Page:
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What America Thinks

MetLife Foundation Alzheimer's Survey

February 2011
Study Conducted by Harris Interactive for

ALZHEIMERS DISEASE RANKS AS ONE OF THE MOST FEARED DISEASES IN THE UNITED STATES

A new survey by MetLife Foundation finds that Alzheimers disease is the second most feared disease
among American adults, behind only cancer. When asked which of five major diseases they are most
afraid, 31 % said Alzheimers, while 41% said cancer. Heart disease and stroke were named by 8% each,
while only 6% said they fear diabetes most.
A majority of those polled (62%) admit they know little or nothing about Alzheimers disease, leading to
the fact that few are planning for its possibility. Only 18%, fewer than one in five people, have
developed any such plan, which may include care options, housing arrangements and/or financial
planning.
Currently, more than five million people have Alzheimers. That number is expected to rise sharply as
the Baby Boom generation reaches retirement age. 44% of adults indicate they have family members or
friends with Alzheimers.
The main survey findings include:

Nearly a quarter (23%) of adults is extremely or very concerned that they may someday have to
provide care for a loved one with Alzheimers, an increase from 18% in 2006.

Only 18% of all adults say they have made any plans for the possibility of getting Alzheimers,
compared to 12% in 2006.

Fewer than half of all adults claim to have talked to their families about Alzheimers (41%).

Thirty-three percent have considered what care options would be available to them in the event of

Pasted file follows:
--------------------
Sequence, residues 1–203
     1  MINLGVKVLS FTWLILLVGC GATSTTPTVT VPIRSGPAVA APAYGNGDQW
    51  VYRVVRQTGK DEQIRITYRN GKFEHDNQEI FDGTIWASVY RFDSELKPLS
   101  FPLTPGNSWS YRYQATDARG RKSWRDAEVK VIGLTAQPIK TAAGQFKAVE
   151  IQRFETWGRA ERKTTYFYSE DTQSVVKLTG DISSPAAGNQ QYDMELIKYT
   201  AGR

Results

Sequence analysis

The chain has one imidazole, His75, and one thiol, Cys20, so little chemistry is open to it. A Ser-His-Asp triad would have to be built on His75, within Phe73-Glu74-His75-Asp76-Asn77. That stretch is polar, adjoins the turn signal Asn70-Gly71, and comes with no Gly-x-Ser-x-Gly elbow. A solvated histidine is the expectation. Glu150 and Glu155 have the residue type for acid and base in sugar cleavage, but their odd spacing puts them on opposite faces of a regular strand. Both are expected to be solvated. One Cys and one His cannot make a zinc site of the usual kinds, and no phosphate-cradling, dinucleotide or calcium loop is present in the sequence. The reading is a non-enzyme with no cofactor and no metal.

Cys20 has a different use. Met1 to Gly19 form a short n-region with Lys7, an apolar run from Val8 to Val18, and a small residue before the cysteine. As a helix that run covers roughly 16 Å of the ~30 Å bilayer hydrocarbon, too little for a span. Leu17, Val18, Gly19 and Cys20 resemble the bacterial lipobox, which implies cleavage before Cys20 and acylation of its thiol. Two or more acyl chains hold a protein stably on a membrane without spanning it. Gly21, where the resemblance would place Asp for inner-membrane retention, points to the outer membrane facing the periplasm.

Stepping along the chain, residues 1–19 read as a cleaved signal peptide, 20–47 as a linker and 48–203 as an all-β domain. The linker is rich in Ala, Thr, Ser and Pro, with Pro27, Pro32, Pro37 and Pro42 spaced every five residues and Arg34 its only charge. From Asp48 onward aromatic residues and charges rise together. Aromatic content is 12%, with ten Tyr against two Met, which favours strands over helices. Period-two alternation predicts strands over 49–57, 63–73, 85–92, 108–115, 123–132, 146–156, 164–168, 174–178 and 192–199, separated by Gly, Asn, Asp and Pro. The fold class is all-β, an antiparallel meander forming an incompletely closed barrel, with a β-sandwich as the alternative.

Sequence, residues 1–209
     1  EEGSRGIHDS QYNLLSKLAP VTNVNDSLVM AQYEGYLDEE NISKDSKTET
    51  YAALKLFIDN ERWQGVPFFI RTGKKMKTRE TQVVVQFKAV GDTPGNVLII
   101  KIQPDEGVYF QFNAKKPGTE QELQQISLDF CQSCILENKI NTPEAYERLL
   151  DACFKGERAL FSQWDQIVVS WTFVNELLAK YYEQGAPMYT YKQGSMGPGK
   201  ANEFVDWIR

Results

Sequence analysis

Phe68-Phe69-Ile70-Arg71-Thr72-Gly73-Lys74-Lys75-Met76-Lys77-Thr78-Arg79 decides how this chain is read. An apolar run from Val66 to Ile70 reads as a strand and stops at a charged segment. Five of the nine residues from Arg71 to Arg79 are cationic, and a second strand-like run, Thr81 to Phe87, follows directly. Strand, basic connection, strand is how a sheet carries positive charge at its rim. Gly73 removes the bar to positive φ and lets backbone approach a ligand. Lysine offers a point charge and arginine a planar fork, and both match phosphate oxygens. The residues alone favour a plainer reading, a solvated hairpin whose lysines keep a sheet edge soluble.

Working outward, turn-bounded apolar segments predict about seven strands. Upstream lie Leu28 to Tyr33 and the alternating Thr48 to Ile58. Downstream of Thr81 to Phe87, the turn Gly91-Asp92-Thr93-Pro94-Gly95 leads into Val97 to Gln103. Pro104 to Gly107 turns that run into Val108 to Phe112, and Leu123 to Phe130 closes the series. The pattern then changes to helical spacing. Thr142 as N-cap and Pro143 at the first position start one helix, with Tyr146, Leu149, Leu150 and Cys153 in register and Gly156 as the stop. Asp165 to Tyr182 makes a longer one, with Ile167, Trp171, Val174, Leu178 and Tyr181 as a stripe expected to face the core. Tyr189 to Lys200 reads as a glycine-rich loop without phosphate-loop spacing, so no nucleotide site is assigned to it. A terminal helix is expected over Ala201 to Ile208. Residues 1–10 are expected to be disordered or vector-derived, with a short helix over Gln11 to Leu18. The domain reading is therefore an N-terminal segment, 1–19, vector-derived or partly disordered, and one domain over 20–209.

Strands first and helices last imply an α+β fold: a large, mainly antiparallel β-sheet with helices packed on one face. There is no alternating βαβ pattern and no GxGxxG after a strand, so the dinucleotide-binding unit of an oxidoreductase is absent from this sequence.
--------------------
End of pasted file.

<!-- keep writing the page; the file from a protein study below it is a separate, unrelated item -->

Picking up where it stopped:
Alzheimers; 44% have designated who would take care of them.

Slightly more than one in five (21%) adults claims to have made any financial arrangement for the
possibility of developing the disease.

The survey, What America Thinks, was conducted by telephone with 1,007 adults by Harris Interactive
for MetLife Foundation in September 2010. A similar study was conducted in 2006.

Fear of Alzheimers Disease in the United States.

Since 2006, the percentage of those who fear getting Alzheimers has increased more than the other
illnesses.

American adults knowledge of Alzheimers disease

Knowledge of the disease has increased considerably since 2006, but those who know nothing at all
remain relatively the same.

Concern in having to provide care for a loved one with Alzheimers


disease

More than half of adults have some level of concern regarding the provision of care for a loved one with
Alzheimers.

Adults in the U.S. that have a family member or friend with Alzheimers disease

Alzheimers disease is no stranger to families in the U.S.; two in every five adults has a family member or
friend with Alzheimers disease.

Planning for the possibility of getting Alzheimers disease among U.S. adults

Despite the increase of knowledge and fear of the disease, planning has increased only 5%.